The Canal through Nowhere
The Arabian Peninsula has a lot of sand, especially in the famous “Empty Quarter.” So now a project has been envisioned that would cut a canal for 950 kilometers through the sand dunes from near Qatar in the north, into Saudi territory and then through Yemen to reach the Gulf of Aden.
This would be more than 10 times the length of the Panama Canal. But it will be far more than a waterway, as the commissioned study suggests:
The canal will also revive the Empty Quarter through the construction of two industrial cities, three residential towns, hotels and tourism resorts in its banks. Saudi Arabia will also achieve self-sufficiency in the fish sector thanks to pisciculture and fish farming in connected bays. In addition, there will be projects for energy generation, water desalination, residence building.
All this for a mere 80 billion dollars, much more than the annual budget of most countries.
Why would anyone want to build a canal through desert, where the evaporation rate is off the charts? Well, for the Saudis it would mean they did not have to ship their oil through the Strait of Hormuz. I doubt they are afraid of Oman, but it appears that the paranoia in the kingdom over Iran knows no limit. Are they really afraid that Iran would close the strait and the rest of the world would stand by and do nothing? Certainly the Saudi foreign policy could make Iran mad enough to do something crazy, but there is no way they could stop traffic through the strait. The American Fifth Fleet is never far away.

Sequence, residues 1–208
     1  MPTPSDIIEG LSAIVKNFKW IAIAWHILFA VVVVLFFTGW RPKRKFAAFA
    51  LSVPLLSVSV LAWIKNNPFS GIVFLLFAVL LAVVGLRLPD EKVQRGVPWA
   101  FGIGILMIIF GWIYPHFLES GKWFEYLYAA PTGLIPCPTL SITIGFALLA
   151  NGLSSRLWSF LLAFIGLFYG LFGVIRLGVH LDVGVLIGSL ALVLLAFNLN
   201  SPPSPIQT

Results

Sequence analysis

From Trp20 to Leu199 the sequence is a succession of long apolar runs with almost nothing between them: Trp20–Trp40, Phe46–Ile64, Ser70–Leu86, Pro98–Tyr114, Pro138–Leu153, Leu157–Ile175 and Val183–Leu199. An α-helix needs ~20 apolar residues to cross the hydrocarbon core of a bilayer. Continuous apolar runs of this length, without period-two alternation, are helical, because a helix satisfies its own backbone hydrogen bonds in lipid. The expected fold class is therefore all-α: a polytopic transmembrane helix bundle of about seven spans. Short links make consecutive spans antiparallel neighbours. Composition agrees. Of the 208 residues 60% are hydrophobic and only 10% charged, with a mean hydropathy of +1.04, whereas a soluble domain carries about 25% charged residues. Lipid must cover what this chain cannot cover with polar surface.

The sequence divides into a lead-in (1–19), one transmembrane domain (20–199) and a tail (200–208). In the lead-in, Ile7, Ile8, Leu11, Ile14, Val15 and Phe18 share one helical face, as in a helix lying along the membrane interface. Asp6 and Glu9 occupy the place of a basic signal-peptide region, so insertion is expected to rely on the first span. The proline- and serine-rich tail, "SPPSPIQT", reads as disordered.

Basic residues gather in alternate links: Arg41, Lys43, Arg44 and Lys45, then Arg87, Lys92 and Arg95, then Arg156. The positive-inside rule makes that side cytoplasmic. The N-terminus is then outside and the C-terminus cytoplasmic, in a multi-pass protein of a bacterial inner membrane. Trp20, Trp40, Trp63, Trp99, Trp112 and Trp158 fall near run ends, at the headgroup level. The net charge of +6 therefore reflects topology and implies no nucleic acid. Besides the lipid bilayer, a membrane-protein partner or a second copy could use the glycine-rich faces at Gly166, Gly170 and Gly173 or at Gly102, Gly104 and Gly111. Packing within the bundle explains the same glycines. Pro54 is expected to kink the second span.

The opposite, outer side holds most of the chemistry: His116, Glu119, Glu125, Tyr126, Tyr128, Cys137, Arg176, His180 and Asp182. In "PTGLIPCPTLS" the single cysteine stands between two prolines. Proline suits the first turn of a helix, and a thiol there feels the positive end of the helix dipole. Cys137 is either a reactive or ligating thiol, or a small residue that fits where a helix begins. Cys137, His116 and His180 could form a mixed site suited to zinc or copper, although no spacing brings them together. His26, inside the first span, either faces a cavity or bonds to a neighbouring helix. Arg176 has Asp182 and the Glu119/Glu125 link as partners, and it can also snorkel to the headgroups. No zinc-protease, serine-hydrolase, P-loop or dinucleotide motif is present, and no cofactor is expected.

When I first saw this article, I thought it was from The Onion, a satire site. Making the desert bloom has long been an Israeli mantra, so perhaps this is a way for the Saudis to follow suit. But tourism along the banks of a canal through nowhere? I can imagine the sign in the Empty Quarter Sheraton, advertising that “Wilfred Thesiger slept here.” As for a price tag of 80 billion dollars, especially given the overruns all major projects end up with, this is a bit much. I wonder how many hospitals this amount of money could build or mouths that could get fed in Africa. Given the current low price of oil and the debts that are accumulating for the weapons purchases in the unending war on Yemen, it will be hard to find that many billions, even for the Saudis.